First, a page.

To be a rock’n’roll tour manager, according to Sam Cutler, you needed “a certain amount of brazen chutzpah” and a “hard-to-define leadership quality that sees stoned musicians trust that you have made the right decision”.
Cutler should know. He created the template when he was put in charge of the Rolling Stones’ tour of America in 1969 and then in the five years he spent as what he called “executive nanny” to the notoriously unruly hippy caravan that was the Grateful Dead.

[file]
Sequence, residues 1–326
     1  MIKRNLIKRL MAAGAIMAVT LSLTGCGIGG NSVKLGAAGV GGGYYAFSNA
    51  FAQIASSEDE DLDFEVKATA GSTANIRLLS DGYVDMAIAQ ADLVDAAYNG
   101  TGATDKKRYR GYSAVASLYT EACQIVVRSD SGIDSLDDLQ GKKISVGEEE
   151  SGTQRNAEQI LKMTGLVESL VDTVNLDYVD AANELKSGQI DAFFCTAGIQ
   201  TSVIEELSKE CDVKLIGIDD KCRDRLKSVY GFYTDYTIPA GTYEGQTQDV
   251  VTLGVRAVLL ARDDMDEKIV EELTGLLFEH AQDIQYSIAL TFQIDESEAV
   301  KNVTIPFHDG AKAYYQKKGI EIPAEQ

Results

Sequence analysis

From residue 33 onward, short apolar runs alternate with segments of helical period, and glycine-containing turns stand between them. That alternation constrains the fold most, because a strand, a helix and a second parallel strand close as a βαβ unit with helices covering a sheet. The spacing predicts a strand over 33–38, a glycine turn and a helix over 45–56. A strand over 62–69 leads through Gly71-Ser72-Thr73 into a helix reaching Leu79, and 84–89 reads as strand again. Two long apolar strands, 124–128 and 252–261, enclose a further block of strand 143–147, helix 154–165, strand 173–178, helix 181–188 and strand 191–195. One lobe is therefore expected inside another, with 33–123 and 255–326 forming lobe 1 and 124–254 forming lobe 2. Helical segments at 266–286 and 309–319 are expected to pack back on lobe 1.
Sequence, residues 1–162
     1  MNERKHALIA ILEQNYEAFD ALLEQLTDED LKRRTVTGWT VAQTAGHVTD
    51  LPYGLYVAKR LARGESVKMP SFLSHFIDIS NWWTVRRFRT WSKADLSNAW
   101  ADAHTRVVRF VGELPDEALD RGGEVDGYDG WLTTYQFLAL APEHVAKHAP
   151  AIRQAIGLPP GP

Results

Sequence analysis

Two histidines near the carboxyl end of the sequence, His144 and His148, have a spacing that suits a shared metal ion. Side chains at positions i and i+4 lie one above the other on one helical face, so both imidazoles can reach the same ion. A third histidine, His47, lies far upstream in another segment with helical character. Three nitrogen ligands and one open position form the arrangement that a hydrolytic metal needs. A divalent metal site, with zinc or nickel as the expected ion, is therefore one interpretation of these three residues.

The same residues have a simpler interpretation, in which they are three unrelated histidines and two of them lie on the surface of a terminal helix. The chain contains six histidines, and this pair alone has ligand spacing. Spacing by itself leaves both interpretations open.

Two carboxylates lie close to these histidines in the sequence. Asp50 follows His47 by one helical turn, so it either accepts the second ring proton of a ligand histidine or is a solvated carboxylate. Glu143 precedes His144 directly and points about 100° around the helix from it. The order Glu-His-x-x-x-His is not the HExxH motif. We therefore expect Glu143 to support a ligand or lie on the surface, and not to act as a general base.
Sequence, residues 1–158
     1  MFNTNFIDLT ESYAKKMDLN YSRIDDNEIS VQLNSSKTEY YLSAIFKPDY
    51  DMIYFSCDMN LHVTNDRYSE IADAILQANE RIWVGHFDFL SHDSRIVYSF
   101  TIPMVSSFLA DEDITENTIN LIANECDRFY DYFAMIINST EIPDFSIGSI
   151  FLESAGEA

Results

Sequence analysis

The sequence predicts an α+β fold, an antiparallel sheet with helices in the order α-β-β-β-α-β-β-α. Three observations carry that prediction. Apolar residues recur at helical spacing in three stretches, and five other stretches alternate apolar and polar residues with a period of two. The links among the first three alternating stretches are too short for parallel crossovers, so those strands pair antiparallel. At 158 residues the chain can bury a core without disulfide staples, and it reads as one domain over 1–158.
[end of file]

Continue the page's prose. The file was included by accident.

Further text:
There was another quality he possessed, too. Cutler was the countercultural drop-out who knew how to make money and was able to count it even while tripping on LSD.
Cutler, right, with the Stones at Altamont as the band stop their set to assess the damage, December 1969
ROBERT ALTMAN/MICHAEL OCHS ARCHIVES/GETTY IMAGES
The Stones’ 1969 American trek — their return to the road after a three-year